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Re: [DotGNU]Forum Update 17-apr-2001

From: Silvernerd
Subject: Re: [DotGNU]Forum Update 17-apr-2001
Date: Sat, 20 Apr 2002 12:06:58 +0200

Barry Fitzgerald wrote:
> Actually, I disagree with your assertion on a handful of counts:
> 1. The GNU system most certainly is open for commercial programs, just
> not proprietary programs.  This is a key distinction.  There's nothing
> anti-commercial about the GNU GPL - there is much that is
> anti-oppression about the GNU GPL.

I guess I chose the wrong words here, I know that GNU is not against
commercial software, but I didn't realize that when writing the mail. 

> 2. If you mean to say that proprietary programs cannot be run on the GNU
> system, that's not true either.  The GNU LGPL exists precisely so that
> proprietary programs (or programs under non-copyleft licenses in
> general) can link copyleft code into them.  The GNU stance is not any
> different than the DotGNU stance as far as freeness and licensing are
> concerned.
> Having said this, I don't at all disagree with your decision nor the
> ethical backing on it.  However, there's little if any difference
> between the GNU project and the DotGNU project regarding licensing and
> base philosophy.

I seem to have misinterpreted the fact that DotGNU is trying to win over
the industry as that DotGNU has another approach to the software
industry than GNU. This could be a common mistake unexperienced people
make when reading about DotGNU.

> The trick here is determining whether the GNU GPL protects against these
> infractions.  Would plugins link code from the rest of the project into
> them?  If so, then technically the GNU GPL would serve this purpose.  If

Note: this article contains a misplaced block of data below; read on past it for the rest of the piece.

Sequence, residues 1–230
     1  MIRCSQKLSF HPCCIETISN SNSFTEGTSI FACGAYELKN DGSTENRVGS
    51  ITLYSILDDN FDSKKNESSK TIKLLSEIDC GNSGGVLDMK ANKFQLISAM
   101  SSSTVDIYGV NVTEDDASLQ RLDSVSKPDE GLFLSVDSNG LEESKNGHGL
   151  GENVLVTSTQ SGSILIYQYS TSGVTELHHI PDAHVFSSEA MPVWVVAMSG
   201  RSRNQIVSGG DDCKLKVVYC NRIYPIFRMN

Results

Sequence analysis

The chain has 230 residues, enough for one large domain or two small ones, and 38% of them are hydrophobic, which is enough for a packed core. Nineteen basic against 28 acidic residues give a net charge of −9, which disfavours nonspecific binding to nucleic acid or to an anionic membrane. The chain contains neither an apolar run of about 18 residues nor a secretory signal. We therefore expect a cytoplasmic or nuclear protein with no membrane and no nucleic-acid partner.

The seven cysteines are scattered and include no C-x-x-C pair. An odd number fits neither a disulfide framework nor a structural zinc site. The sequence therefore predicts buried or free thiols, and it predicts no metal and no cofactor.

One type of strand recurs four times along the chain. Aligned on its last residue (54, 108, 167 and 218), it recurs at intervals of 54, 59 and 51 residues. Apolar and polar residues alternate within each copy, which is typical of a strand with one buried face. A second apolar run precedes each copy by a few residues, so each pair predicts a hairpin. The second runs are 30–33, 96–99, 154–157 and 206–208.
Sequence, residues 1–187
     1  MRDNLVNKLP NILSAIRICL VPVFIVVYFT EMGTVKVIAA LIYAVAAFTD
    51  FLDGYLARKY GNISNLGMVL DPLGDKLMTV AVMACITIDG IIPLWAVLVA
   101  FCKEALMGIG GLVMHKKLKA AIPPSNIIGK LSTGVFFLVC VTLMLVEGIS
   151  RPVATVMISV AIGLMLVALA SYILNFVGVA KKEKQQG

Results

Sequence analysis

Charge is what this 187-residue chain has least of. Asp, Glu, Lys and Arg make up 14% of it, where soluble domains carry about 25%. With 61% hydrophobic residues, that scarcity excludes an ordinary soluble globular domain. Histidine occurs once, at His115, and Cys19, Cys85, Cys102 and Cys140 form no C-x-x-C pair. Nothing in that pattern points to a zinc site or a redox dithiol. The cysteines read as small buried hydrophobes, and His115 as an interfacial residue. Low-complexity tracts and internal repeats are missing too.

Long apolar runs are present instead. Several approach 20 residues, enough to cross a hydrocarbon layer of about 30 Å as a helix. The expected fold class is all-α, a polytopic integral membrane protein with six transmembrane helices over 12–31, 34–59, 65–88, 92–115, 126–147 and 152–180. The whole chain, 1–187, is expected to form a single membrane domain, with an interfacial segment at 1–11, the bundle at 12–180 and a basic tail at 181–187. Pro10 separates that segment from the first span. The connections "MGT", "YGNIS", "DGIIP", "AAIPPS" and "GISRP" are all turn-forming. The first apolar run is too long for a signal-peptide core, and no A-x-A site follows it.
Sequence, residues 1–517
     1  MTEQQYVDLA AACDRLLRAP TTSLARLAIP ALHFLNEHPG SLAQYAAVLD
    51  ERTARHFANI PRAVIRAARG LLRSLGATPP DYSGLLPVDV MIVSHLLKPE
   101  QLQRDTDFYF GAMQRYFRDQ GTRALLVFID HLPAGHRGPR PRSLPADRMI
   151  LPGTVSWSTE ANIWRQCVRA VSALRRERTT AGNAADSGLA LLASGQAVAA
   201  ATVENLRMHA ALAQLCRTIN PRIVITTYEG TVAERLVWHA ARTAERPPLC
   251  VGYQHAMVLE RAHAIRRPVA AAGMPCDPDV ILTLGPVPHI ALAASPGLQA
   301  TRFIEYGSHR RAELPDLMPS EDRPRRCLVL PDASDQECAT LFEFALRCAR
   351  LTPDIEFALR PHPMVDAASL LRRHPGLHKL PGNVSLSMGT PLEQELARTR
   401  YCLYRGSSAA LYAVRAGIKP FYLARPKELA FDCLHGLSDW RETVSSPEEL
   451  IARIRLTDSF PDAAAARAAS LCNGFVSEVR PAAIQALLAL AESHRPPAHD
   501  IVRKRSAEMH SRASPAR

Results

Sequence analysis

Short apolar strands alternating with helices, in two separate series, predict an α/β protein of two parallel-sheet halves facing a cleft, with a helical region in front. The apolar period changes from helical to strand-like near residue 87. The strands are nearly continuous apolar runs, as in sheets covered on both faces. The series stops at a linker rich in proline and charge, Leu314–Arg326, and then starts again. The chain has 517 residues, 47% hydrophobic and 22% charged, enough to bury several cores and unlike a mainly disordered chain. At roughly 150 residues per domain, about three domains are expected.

> not (say, if the plugins are executed via a system call or some other
> execution mechanism) then the GNU GPL probably would not legally protect
> against them.
> Also, I'm not sure that one could under these circumstances.  That is of
> course unless the license explicitely said that "This program cannot
> call another program unless it is under the GNU GPL" which would be
> nearly impossible to enforce.  Particularly since the technical
> workaround for that is to create a GNU GPL'ed wrapper program that
> itself calls the target proprietary program.  The result of this is an
> arms race which would be very difficult to win.
> Then again, the wrapper technique could also be done with a proprietary
> plugin even if it did link to the code.
> Having said that, the general stance is that the proper way to counter
> proprietary software is with the production of Free Software.  This is,
> of course, barring the outlaw of proprietary software - which we're
> unlikely to see anytime soon. If Microsoft came out with a WMA plugin
> for forum (even if it just used a wrapper to activate itself) the best
> response is to try to counter with a Free WMA plugin.  If that's
> impossible (say, because of patent encumberance) then you would try to
> make it as difficult as possible for them to keep up with your changes.
> Ideally, this would show pragmatic disadvantages to proprietary
> software.  However, this is all postulation as to how things could go.
> The best strategy is to stick with the GNU GPL and roll with the
> punches.

The wrapper thing is actually a good idea for allowing plugins to be
non-GPL without changing the license of the program, I'll build the
plugin system on it. You are probably right that it isn't a good idea to
try to make plugins GPL'd, but maybe it is possible to make a black-list
of plugins working with unethical protocols and let the program read
this list. I would however prefer a way of making them disclose their
protocols under certain circumstances (like we have with the
owner-of-the-data concept in webservices), but I don't think it will be
legally possible.

Anyway thanks for making me realize my mistakes.


Silvernerd (Peter Minten)

"Using GNU/Linux is like walking over a ray of bricks, not as beautiful,
but a lot more substantial than light."

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